Poignant farewells: Tragic Titanic letters up for auction

Rare letters that provide a fascinating glimpse into life on Titanic and the liner’s fateful final moments are up for auction in the U.K.

A letter written by Titanic’s second officer Charles Lightoller provides an incredible snapshot into the ship’s sinking in 1912. Lightoller, the highest ranking surviving crew member, gives a first-person account of his farewell to crew members including the ship’s assistant surgeon Dr. John Simpson.

Titanic struck an iceberg at 11:40 p.m. ship's time on April 14 1912 and sank just over two hours later with the loss of more than 1,500 lives, including Simpson.

Charles Lightoller's letter (Henry Aldridge & Son).

Charles Lightoller's letter (Henry Aldridge & Son).

“I deeply regret your loss, which is also mine,” Lightoller writes, in the letter sent to Simpson’s friend R.W. Graham of Holt & Co. in New York. “I may say I was practically the last man to speak to Dr. Simpson, and on this occasion he was walking along the boat-deck in company with Messrs. McElroy, Barker, Dr. O'Loughlin and four assistant pursers.”

“They were all perfectly calm in the knowledge that they had done their duty and were still assisting by showing a calm and cool exterior to the passengers,” he added. “Each one individually came up to me and shook hands. We merely exchanged the words 'Goodbye, old man.' This occurred shortly before the end and I am not aware that he was seen by anyone after.”

Lightoller’s letter was written on board S.S. Adriatic on May 1 1912 when he was returning to the U.K. after giving evidence at the U.S. inquiry into the loss of the White Star Line’s Titanic.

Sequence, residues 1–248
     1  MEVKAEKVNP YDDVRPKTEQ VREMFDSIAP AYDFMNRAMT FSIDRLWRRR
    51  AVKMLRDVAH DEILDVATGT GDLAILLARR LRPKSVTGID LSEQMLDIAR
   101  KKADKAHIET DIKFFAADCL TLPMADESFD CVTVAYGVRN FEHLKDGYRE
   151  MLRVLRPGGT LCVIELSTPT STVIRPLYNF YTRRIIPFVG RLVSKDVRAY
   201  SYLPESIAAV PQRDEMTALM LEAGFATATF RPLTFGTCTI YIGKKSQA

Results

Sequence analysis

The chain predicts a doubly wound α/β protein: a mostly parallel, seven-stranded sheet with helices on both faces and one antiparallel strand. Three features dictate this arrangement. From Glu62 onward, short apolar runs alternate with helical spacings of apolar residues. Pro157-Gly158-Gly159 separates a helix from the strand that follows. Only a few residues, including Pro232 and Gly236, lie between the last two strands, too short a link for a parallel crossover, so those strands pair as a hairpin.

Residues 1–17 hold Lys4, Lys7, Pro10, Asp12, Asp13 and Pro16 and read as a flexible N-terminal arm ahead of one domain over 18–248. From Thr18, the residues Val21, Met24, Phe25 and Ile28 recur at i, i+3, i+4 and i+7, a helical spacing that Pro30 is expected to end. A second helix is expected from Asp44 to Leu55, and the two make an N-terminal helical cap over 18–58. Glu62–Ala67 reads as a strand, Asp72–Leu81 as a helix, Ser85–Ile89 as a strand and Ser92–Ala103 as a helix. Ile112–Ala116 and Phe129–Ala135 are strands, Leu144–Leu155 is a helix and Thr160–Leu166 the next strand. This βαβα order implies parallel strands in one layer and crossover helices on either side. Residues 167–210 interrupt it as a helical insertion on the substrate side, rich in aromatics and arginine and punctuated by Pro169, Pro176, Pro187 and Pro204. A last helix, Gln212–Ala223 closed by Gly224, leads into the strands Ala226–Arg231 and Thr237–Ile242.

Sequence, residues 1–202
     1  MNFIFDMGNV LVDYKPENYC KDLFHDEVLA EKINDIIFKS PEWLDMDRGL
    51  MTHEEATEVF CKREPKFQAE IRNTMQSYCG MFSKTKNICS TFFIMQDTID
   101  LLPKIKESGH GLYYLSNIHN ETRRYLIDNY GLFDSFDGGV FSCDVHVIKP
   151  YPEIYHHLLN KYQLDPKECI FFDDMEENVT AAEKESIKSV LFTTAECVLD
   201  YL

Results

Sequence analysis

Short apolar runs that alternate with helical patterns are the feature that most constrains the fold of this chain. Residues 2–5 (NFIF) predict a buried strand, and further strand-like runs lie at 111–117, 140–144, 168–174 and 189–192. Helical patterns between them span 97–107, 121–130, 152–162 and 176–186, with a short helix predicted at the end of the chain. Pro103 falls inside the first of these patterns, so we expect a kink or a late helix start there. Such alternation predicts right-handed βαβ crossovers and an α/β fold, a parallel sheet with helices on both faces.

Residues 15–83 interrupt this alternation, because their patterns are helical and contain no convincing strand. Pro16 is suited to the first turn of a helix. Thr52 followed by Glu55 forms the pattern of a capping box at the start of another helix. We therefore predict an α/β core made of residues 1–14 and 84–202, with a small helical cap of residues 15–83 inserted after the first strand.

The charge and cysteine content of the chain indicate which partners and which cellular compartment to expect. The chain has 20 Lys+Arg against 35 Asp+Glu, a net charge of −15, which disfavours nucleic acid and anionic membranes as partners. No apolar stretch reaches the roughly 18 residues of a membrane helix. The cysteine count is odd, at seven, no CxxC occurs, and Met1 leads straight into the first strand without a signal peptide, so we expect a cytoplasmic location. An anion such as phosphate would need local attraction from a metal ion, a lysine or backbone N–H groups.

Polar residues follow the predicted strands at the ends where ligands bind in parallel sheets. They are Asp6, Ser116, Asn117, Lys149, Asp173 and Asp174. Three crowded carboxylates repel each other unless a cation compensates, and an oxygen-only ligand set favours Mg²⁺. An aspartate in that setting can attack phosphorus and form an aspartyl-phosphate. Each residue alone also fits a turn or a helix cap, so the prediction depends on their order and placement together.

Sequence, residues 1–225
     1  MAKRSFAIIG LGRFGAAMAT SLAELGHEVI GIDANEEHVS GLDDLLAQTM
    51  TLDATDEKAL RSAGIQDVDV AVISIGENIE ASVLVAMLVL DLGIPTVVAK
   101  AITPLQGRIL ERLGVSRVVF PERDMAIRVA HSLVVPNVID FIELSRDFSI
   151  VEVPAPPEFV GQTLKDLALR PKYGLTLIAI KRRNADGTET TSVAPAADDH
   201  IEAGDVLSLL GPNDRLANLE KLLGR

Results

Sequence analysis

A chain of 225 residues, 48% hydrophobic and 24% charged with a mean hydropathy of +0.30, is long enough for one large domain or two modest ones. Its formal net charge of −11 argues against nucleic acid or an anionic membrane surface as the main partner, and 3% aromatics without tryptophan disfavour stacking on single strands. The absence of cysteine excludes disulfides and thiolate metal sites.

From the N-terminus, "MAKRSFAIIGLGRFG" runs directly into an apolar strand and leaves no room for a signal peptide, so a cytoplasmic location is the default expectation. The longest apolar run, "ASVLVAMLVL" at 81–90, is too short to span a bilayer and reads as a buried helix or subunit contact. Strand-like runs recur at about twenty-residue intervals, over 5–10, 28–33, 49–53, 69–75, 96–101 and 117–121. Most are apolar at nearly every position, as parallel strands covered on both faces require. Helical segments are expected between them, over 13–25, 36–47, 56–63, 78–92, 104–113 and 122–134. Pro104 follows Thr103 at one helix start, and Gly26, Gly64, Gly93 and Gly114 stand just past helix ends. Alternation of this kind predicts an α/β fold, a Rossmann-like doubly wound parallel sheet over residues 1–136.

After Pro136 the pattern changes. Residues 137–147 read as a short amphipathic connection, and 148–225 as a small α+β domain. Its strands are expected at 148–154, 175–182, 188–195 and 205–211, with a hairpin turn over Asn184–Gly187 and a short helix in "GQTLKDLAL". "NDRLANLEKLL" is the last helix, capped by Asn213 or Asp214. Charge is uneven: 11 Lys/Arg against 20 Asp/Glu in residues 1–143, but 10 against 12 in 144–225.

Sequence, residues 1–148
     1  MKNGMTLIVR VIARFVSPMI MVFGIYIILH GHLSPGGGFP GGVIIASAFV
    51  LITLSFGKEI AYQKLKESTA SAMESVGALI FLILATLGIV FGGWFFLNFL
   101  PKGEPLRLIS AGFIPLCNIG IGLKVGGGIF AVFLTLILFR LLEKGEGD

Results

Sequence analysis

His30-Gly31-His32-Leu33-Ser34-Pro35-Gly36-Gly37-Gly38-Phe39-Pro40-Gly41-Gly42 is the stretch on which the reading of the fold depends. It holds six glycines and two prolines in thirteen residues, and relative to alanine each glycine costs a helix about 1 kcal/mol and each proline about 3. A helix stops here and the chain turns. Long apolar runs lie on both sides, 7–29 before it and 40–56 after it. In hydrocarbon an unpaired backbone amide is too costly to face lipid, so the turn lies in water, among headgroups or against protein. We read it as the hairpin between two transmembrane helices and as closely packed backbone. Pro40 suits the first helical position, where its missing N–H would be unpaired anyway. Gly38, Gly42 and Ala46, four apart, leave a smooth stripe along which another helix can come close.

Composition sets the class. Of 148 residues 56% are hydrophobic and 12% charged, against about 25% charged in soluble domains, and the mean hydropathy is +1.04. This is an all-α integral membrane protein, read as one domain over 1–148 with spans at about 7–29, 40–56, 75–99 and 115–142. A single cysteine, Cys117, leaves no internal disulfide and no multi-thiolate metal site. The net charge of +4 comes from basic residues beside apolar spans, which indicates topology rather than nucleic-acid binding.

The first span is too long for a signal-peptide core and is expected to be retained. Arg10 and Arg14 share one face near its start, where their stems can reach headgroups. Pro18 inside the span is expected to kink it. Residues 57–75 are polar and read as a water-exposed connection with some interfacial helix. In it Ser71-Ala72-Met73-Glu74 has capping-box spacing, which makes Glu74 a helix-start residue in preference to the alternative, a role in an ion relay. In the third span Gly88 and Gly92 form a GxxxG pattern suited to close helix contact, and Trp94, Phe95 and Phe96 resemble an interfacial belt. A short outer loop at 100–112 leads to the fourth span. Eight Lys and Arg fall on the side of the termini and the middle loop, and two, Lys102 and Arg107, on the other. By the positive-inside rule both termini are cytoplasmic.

Picture of Charles Lightoller (center) (Henry Aldridge & Son).

Picture of Charles Lightoller (center) (Henry Aldridge & Son).

Another letter up for auction was the first written on board Titanic by Simpson. In the letter to the Adjutant of the First Battalion of the Middlesex Regiment, Simpson, a British Army reserve doctor, requests a transfer to the military’s inactive list so that he can perform his duties on Titanic. The letter was sent on April 9 1912, the day before Titanic’s fateful maiden voyage, and is written on the ship’s official stationary.

“The content of these letters is among the most important we have ever handled, to have an account of the last moments of the ship written by the ship's most senior surviving officer on his return from the American Titanic enquiry is unprecedented,” Henry Aldridge & Son auctioneer Andrew Aldridge told FoxNews.com.


The letters have pre-sale estimates of $12,648 to $18,973 and $37,946 to $63,243, respectively and will be auctioned by Henry Aldridge & Son with other Titanic, White Star Line and ocean liner artifacts in Devizes, U.K. on Oct. 22.

A number of artifacts from the doomed ship were auctioned in the U.K. earlier this with the sextant used by the captain of rescue ship Carpathia selling for just under $97,000. Three photos and a handwritten note detailing the grisly discovery of Titanic’s last lifeboat were sold for $6,800.

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